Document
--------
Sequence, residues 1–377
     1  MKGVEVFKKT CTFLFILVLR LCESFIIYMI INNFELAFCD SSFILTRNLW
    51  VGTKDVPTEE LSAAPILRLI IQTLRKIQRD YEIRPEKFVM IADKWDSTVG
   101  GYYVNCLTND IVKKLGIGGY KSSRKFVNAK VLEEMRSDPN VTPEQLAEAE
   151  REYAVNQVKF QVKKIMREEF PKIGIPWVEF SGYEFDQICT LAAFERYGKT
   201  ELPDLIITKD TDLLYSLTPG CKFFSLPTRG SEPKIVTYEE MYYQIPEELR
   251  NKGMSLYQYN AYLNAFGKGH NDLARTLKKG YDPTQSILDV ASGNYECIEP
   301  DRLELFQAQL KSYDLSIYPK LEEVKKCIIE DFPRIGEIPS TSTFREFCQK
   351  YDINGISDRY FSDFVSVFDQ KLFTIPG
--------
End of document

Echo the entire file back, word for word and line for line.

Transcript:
Sequence, residues 1–377
     1  MKGVEVFKKT CTFLFILVLR LCESFIIYMI INNFELAFCD SSFILTRNLW
    51  VGTKDVPTEE LSAAPILRLI IQTLRKIQRD YEIRPEKFVM IADKWDSTVG
   101  GYYVNCLTND IVKKLGIGGY KSSRKFVNAK VLEEMRSDPN VTPEQLAEAE
   151  REYAVNQVKF QVKKIMREEF PKIGIPWVEF SGYEFDQICT LAAFERYGKT
   201  ELPDLIITKD TDLLYSLTPG CKFFSLPTRG SEPKIVTYEE MYYQIPEELR
   251  NKGMSLYQYN AYLNAFGKGH NDLARTLKKG YDPTQSILDV ASGNYECIEP
   301  DRLELFQAQL KSYDLSIYPK LEEVKKCIIE DFPRIGEIPS TSTFREFCQK
   351  YDINGISDRY FSDFVSVFDQ KLFTIPG